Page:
“In 1995, two years before his return to the company, Steve Jobs gave a characteristically blunt answer when asked why Apple found itself struggling in the early to mid 1990s,” Ben Lovejoy writes for 9to5Mac. “The issue, he said, was that Apple had gotten greedy.”
What ruined Apple wasn’t growth… They got very greedy. Instead of following the original trajectory of the original vision, which was to make the thing an appliance and get this out there to as many people as possible, they went for profits. They made outlandish profits for about four years… What that cost them was their future. What they should have been doing is making rational profits and going for market share. — Steve Jobs, 1995
“Many of us have expressed dismay at the fact that Apple still, in 2015, sells an iPhone with just 16GB of storage,” Lovejoy writes. “The simple reality is that most of us need local storage, and trying to palm people off with 16GB is simply unreasonable. Apple is offering an iPhone which pretty much guarantees frustration down the line, and there’s absolutely no reason to do so when it could offer a 64GB starting point at the cost of a few bucks less profit.”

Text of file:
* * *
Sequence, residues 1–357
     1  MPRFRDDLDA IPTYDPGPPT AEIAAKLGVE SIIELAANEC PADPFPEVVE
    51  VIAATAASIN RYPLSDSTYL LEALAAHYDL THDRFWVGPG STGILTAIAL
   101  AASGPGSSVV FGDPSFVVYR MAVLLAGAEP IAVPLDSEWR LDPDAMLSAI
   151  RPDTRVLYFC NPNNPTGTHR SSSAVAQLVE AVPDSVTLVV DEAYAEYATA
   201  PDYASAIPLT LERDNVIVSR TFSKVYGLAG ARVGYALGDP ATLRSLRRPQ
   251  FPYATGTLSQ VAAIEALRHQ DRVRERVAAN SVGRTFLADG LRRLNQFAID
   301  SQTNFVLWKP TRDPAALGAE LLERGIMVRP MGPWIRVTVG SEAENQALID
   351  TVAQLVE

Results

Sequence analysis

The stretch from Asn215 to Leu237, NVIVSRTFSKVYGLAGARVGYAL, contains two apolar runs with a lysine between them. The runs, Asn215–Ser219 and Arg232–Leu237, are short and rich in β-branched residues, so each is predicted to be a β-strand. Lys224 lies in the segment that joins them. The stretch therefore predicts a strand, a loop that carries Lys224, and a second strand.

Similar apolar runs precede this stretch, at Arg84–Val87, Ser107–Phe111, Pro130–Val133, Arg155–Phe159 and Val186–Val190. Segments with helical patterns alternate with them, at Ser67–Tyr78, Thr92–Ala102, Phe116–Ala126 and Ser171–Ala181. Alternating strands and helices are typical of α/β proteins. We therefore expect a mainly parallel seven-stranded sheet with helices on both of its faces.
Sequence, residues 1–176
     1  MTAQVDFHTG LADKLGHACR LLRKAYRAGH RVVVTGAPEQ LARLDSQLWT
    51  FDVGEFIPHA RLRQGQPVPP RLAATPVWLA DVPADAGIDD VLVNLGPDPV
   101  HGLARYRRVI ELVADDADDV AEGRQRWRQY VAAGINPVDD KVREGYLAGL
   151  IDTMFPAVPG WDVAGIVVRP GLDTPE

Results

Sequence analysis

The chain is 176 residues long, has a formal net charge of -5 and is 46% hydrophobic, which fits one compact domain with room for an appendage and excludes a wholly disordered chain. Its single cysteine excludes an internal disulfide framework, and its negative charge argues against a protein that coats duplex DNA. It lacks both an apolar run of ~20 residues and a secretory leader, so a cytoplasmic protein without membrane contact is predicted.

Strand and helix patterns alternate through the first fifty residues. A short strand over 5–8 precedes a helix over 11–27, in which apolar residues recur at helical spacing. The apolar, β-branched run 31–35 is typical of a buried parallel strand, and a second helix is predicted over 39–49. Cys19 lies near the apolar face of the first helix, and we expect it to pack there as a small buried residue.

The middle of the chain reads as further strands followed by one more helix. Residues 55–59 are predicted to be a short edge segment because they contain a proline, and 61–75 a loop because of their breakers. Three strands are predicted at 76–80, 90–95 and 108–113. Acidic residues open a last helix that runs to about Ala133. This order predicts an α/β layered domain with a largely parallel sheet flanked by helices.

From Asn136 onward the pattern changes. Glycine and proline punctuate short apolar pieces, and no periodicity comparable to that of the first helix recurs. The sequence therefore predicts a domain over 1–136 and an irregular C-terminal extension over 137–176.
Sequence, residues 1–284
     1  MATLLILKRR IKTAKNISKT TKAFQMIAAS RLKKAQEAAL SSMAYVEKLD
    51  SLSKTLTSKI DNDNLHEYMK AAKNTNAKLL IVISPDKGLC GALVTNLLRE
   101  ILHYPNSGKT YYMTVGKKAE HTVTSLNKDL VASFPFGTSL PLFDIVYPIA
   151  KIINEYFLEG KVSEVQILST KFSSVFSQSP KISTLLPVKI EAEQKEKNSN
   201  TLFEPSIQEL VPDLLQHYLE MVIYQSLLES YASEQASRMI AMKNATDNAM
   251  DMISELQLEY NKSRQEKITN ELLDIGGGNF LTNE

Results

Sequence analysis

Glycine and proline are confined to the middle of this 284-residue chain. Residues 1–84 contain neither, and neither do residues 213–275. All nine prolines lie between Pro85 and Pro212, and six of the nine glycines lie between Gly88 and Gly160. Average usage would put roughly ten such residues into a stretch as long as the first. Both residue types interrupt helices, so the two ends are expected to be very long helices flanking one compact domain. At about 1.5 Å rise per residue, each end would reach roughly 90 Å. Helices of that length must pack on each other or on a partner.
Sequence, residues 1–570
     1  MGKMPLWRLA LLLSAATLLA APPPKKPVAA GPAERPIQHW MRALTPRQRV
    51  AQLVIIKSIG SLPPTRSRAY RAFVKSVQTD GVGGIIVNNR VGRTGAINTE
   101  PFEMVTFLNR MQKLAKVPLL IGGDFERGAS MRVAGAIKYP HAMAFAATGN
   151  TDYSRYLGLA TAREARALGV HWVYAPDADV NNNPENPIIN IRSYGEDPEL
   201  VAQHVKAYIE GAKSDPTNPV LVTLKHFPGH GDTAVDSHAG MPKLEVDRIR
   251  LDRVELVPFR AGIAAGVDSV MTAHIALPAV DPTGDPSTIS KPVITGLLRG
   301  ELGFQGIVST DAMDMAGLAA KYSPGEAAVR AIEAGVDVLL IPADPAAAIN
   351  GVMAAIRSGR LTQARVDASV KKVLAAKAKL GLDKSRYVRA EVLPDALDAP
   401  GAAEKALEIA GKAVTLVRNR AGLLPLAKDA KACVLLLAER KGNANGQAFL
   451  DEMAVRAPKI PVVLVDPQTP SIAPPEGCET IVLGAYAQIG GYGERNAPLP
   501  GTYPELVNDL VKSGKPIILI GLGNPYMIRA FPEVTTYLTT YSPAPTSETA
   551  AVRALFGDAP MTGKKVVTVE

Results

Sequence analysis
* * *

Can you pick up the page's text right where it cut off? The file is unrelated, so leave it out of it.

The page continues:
“I’m merely suggesting that if Apple were a little less penny-pinching with its specs, were willing to sacrifice maybe $10-20 of profit on an iPhone, perhaps slightly more on a Mac, that would help it retain its premium positioning,” Lovejoy writes. “Even non-techy Apple customers do care that the company’s products Just Work. And nickel-and-diming customers on specs that impact the degree to which products Just Work is, in my view, not a sensible path for Apple to take.”
For the relevant section of the comments by Steve Jobs, skip to the 38:00 mark:
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Much more, including discussion of the SSD component of Apple’s latest iMac Fusion Drives, in the full article here.
MacDailyNews Take: As we wrote back on July 4th:
Obviously, 16GB is for a certain target market, one that can live in the iCloud. The problem with that model, however, is that inexperienced buyers and inattentive resellers foist 16GB iPhones on people who really cannot manage to live in the iCloud and therefore could end up hating their iPhone (it won’t update, it’s perpetually packed full and therefore runs poorly, can’t take any photos, can’t download day more apps, etcetera).
Apple needs to ask themselves if the benefits of having a 16GB iPhone (“low” entry price and upselling platform for higher capacity iPhones) are worth the risk of disappointing those who are likely buying their first iPhone. For Apple, the quality of the user experience should always come first.